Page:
The Diversity, Equity, & Inclusion Committee presented their report to El Segundo City Council last Tuesday (2/1), regarding their analysis of the El Segundo Police and Fire Departments. There was a slide presentation
that included some of the methodology and statistics regarding personnel, hiring policies, UoF (use of force), arrests, sensitivity training, etc.
In this message, we focus on how the DEI’s presentation to the City reported on the police department. It’s not that we aren’t concerned by the alarming lack of diversity within the fire department at large
which the Committee made clear, but we feel the El Segundo community has been more directly and negatively impacted by the police department
, so we’re advocating for improvements there more strenuously.
While we are grateful for the time and energy the DEI committee puts into their work, we are extremely disappointed with their presentation last week. We could start by quibbling over the statistics, and especially hone in on the fact that much of the data included in the review of ESPD was provided by the department itself. ESPD not only controlled what numbers were provided, but also the context–or lack thereof–that was included in those numbers.
We find the idea that ESPD played a leading role–in what was supposed to be an objective review of the department–troublesome, and we question why resources were not provided for an external review of the department, but we’ll dig into that later. Right now, we want to focus on the far more problematic component to the DEI’s presentation: the blatant omission of community feedback.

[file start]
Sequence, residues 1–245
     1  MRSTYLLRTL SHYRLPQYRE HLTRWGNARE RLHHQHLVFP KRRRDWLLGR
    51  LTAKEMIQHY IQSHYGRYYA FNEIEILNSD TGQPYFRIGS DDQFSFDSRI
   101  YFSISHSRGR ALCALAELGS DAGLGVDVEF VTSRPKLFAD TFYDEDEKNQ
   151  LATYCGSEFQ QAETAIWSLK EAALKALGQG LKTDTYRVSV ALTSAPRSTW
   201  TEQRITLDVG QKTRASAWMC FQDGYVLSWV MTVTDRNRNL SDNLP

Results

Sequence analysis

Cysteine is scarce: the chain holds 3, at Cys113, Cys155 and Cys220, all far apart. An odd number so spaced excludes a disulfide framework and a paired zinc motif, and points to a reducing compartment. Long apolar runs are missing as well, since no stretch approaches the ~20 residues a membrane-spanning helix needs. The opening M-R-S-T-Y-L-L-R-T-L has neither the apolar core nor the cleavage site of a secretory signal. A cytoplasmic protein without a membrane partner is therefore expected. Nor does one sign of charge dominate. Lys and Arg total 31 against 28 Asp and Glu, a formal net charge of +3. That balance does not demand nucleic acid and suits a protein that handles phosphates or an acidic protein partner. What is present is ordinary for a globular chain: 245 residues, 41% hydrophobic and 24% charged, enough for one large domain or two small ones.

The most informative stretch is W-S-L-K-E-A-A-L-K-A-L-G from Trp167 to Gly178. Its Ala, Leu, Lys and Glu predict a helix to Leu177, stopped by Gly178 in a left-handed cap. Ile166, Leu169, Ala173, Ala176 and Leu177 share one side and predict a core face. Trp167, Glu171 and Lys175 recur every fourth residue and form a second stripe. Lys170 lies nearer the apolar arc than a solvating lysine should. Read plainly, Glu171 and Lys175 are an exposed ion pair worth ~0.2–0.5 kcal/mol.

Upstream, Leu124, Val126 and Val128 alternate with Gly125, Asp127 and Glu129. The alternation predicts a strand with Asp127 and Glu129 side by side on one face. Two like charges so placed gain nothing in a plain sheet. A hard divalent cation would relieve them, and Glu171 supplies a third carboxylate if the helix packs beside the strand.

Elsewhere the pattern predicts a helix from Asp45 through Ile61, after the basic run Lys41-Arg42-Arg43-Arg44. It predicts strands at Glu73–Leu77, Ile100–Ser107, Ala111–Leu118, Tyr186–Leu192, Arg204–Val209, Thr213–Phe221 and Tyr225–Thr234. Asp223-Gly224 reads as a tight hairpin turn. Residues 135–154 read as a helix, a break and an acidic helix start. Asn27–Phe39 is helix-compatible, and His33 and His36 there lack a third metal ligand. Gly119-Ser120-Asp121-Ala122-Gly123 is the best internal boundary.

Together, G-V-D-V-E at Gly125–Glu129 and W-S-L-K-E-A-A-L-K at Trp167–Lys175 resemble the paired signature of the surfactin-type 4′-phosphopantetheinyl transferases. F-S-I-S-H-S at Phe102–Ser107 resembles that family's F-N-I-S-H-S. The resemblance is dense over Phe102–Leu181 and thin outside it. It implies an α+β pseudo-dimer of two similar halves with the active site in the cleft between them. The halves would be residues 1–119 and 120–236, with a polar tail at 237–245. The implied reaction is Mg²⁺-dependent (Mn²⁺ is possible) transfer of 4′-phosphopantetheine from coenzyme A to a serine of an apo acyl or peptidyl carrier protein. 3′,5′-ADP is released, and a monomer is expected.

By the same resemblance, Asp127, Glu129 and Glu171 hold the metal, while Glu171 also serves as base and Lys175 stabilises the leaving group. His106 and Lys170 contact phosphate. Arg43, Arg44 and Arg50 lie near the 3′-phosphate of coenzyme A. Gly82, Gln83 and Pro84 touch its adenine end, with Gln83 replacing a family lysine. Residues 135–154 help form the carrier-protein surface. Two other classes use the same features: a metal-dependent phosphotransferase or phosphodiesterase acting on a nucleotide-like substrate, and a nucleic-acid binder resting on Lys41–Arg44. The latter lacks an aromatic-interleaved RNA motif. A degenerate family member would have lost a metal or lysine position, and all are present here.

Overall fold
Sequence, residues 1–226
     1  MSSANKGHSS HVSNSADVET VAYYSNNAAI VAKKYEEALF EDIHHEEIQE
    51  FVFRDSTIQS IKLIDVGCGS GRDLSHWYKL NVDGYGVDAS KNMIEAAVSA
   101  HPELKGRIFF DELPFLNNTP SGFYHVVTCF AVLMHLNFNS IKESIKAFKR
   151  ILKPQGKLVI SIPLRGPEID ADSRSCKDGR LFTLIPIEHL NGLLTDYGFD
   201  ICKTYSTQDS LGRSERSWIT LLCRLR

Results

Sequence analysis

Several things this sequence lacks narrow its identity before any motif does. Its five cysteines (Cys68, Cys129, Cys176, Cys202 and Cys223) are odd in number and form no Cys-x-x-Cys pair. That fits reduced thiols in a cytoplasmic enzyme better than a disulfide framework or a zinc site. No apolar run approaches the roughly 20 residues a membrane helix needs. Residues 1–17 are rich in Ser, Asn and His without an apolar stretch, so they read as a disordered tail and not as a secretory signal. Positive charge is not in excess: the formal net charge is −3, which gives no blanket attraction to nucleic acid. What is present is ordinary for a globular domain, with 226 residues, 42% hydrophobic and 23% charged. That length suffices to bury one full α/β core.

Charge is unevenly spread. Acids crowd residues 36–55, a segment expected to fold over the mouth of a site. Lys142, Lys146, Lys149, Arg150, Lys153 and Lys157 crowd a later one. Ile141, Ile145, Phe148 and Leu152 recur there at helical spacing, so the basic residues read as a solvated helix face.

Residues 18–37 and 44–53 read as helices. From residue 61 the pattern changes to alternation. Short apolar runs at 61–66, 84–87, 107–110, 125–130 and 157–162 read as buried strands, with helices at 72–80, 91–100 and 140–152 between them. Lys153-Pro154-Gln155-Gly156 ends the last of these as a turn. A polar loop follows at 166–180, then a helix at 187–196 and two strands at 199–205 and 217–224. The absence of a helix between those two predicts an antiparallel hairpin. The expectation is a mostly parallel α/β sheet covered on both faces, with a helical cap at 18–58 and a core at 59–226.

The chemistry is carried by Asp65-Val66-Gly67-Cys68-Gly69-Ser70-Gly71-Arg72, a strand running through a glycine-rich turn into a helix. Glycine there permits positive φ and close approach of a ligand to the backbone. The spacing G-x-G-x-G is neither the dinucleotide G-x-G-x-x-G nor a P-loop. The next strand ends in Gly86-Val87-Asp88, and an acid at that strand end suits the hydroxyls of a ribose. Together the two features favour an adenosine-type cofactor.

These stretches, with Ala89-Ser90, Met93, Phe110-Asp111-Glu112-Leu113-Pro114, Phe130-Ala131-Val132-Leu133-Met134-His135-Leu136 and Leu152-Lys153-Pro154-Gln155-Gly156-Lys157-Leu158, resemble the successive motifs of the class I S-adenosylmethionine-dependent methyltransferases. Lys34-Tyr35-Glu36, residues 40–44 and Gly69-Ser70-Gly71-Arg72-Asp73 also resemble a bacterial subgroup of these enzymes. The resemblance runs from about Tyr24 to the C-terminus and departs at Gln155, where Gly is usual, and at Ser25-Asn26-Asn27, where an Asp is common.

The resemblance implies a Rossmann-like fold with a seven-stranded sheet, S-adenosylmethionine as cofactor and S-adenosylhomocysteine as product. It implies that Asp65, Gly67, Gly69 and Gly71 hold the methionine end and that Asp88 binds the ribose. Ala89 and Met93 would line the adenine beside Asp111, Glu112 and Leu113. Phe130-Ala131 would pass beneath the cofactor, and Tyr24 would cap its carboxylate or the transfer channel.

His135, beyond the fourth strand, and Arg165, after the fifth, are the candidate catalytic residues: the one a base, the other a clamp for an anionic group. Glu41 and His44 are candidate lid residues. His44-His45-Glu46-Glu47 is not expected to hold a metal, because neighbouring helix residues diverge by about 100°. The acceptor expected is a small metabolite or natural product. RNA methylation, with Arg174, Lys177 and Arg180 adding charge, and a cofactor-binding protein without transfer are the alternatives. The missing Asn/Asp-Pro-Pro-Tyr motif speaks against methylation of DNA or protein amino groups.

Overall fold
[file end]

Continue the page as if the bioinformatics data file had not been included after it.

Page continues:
El Segundo’s reputation as a community that unfairly polices minorities is rooted in a racist legacy that dates back to the City’s founding. Unfortunately, despite years of progress, recent incidents suggest that this reputation still suits our city. It is, therefore, totally inexcusable and unacceptable that the DEI committee did not include the stories from the very community they were appointed to serve. Over the last two years, BlPOC residents, students, employees, visitors, and commuters have courageously shared gut wrenching stories of mistreatment by ESPD.
We can’t quite figure out why a committee that was installed exactly 16 months ago failed to incorporate community feedback as part of its very first public safety report to the City Council. If the presentation had to be boiled down to one element, and one element only, community feedback would be that one.
To his credit, DEI Committee Chairperson Avery Smith, who presented on behalf of the Committee, acknowledged the importance of community feedback and the fact it was absent from their report, adding that the Committee planned to include it in the future. But not involving the public after nearly a year and a half of work is more than an unfortunate omission, it completely undermines the credibility of the presentation. Without community feedback, the presentation ultimately amounted to a big pat on the back for the police department. Is that “atta boy” deserved? We don’t know.
But we do know from public comments
made earlier that same evening at the same City Council meeting that there is an active civil rights lawsuit against the City of El Segundo and its police department.
In scathing detail, an attorney representing the plaintiff in the case walked the public through an outrageous instance of racial profiling, unlawful arrest, and false imprisonment
that his client–a Black woman–experienced at the hands of ESPD after shopping here in town.
Should the plaintiff win, we residents will be left paying the bill
. This civil rights case just further underscores our point that if we don’t take an honest look at our police department and make sure its practices and policies are in line with a fair and equitable society, there will be more (and potentially graver) consequences.
The DEI Committee was seemingly unaware of this incident. A committee who has consistently praised the transparency of ESPD should be appalled that the department neglected to share such consequential information with them
. A dumbfounded Mayor Boyles admitted that even he was unaware of the active lawsuit. The Council had no further comment regarding this harrowing account of racial profiling.
They did, however, have a lot to say about the DEI’s report.
, who last May relentlessly grilled